Since 2006, HHC has been monitoring its 58,000 diabetic patients with its diabetic e-registry, a web-based tool that uses information from HHC's advanced electronic medical records data and provides a real-time "snapshot" of ongoing patient care—blood sugar levels, medications prescribed, even data about necessary eye tests and foot exams. The information enables doctors to give more targeted, evidence-based treatment and makes possible better-controlled blood sugar, blood pressure and cholesterol levels. This works to reduce the risk of such severe complications as heart trouble, blindness and kidney failure.
Education Classes and Support Groups
Diabetes educational courses and support groups are offered to all HHC patients with diabetes, their families and care partners. Patients who attend the classes receive instruction from certified diabetes educators on healthy behaviors using the American Association of Diabetes Educators Self-Care Behaviors Framework. Patients in the courses develop the skills to take control of their diabetes and learn things like healthy eating habits, exercise routines, proper monitoring, medication compliance and healthy coping. HHC facilities also offer WeCOACH, a six-week exercise and wellness program that helps patients who are over 60 years old and who have uncontrolled diabetes participate in easy, accessible, senior-focused exercise and wellness programs in their own community. Peer Coaches are assigned to help guide patients in their diabetes management. WeCOACH is offered at Jacobi, North Central Bronx and Lincoln Hospitals.
Online Diabetes Wellness Center
HHC’s online Diabetes Wellness Center has been a one stop shop for diabetic patients, providing them with general information, nutritional and exercise tips and information on other HHC diabetes programs. Patients can learn more about what causes diabetes, what can be done to treat its effects, read stories of how other HHC diabetic patients have adopted healthier lifestyles, and learn from HHC experts about the most important things to focus on to successfully manage diabetes.
The New York City Health and Hospitals Corporation (HHC) is a $6.7 billion integrated healthcare delivery system with its own 420,000 member health plan, MetroPlus, and is the largest municipal healthcare organization in the country. HHC serves 1.3 million New Yorkers every year and more than 475,000 are uninsured. HHC provides medical, mental health and substance abuse services through its 11 acute care hospitals, four skilled nursing facilities, six large diagnostic and treatment centers and more than 70 community based clinics. HHC Health and Home Care also provides in-home services for New Yorkers. HHC was the 2008 recipient of the National Quality Forum and The Joint Commission's John M. Eisenberg Award for Innovation in Patient Safety and Quality. For more information, visit www.nyc.gov/hhc.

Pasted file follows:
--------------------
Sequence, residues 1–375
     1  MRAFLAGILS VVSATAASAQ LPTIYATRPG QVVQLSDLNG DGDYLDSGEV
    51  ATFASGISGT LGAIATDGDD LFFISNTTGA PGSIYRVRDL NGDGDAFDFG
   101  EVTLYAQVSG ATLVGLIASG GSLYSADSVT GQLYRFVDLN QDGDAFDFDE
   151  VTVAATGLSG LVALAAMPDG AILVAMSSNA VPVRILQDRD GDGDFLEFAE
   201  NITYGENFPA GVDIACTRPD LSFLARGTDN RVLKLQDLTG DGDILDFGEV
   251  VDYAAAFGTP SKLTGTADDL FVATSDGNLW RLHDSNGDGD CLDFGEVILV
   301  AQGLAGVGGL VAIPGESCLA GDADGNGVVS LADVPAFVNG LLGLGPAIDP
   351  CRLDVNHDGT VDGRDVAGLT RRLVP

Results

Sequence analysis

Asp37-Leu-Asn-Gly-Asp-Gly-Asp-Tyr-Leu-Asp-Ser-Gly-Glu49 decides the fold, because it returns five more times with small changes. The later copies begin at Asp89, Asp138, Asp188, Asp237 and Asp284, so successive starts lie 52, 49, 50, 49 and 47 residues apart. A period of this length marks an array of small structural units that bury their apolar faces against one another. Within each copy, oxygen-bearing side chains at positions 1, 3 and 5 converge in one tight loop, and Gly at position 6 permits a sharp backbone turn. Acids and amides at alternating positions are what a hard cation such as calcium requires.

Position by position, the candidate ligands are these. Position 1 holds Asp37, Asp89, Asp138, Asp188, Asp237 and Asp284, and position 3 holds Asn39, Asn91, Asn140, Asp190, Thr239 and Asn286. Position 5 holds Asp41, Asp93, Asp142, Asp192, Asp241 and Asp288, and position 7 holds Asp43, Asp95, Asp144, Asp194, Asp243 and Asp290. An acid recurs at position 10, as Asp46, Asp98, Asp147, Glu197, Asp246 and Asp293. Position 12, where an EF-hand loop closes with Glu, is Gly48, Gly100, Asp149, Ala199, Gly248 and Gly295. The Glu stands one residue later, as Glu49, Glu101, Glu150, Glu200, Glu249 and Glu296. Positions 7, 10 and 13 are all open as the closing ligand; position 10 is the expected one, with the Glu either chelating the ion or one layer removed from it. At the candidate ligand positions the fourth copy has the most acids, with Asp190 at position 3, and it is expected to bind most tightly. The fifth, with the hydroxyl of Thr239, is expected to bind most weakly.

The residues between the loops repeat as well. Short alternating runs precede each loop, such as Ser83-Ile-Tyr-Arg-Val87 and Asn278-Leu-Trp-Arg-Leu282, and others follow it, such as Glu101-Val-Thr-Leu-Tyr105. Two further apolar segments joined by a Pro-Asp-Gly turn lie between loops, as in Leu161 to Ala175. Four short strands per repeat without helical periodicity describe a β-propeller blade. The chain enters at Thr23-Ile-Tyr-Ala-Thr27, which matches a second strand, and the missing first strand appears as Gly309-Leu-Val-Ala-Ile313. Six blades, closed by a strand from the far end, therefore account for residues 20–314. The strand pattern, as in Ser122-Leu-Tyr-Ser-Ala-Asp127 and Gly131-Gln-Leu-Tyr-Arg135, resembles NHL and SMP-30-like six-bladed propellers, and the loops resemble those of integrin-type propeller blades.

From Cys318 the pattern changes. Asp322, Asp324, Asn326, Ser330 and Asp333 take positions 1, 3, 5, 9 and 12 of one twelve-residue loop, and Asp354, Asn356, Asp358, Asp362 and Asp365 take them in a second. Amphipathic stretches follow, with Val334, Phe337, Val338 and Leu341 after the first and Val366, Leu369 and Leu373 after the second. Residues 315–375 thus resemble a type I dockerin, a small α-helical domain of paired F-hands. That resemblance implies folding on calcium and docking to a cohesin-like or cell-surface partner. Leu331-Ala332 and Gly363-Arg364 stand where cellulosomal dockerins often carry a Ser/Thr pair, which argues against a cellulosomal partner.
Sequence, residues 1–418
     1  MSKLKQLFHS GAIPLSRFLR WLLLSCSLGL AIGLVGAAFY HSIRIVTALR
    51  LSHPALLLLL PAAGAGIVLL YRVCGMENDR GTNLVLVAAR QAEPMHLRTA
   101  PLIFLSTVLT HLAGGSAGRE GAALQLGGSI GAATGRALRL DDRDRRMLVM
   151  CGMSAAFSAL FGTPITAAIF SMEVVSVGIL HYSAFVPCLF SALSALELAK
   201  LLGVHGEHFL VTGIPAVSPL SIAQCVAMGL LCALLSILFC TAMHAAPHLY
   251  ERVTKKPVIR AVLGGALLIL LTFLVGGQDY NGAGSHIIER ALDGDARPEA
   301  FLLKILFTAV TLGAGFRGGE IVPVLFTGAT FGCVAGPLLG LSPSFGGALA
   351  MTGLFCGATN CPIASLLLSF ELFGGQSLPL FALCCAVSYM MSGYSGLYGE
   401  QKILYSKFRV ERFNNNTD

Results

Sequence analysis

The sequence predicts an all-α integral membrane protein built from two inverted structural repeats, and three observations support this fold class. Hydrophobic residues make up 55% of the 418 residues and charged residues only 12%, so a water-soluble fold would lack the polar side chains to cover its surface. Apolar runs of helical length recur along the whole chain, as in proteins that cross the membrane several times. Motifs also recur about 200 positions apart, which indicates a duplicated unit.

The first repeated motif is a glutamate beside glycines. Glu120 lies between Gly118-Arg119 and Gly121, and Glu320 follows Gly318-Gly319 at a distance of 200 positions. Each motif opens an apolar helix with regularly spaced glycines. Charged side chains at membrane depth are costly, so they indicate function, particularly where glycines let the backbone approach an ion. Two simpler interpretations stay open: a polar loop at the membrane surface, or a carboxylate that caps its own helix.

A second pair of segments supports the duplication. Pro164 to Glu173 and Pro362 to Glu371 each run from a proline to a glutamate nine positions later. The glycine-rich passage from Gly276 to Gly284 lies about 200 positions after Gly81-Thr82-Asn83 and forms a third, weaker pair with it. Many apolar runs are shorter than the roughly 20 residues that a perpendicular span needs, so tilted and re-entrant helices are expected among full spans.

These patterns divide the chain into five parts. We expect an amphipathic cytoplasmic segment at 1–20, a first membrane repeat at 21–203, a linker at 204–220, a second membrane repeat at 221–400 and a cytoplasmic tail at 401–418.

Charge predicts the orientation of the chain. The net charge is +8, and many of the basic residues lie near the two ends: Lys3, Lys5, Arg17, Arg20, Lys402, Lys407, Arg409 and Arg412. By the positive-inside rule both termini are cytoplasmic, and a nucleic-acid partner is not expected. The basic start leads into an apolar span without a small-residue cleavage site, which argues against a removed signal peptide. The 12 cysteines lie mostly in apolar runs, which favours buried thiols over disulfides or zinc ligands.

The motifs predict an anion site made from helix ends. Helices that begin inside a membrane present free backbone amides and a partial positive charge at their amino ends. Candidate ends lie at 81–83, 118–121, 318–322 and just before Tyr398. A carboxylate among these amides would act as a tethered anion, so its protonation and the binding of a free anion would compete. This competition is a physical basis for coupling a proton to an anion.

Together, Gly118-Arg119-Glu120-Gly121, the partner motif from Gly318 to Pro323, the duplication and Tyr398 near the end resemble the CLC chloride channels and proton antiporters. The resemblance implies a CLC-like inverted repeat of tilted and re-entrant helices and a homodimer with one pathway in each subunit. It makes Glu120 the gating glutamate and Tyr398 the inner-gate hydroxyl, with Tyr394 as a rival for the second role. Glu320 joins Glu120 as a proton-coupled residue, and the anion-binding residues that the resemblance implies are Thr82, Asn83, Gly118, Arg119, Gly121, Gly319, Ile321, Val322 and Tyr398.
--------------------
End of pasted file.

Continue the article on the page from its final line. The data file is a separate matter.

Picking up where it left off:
MetroPlus Health Plan, Inc. is a health services plan certified under Section 4403-a of the New York Public Health Law and a wholly-owned subsidiary of the New York City Health and Hospitals Corporation (HHC), the largest municipal healthcare organization in the country, MetroPlus provides managed care to over 420,000 eligible people living in Manhattan, Brooklyn, the Bronx and Queens. In addition to Medicaid Managed Care, MetroPlus offers Child Health Plus, Family Health Plus and several Medicare Advantage Plans and a Special Needs Plan (SNP) for people with HIV and their families. In operation for more than 25 years, MetroPlus offers a vast network of primary care doctors and specialists, including many independent community providers. Plan staff is drawn from the communities that MetroPlus serves and speaks more than seventy languages.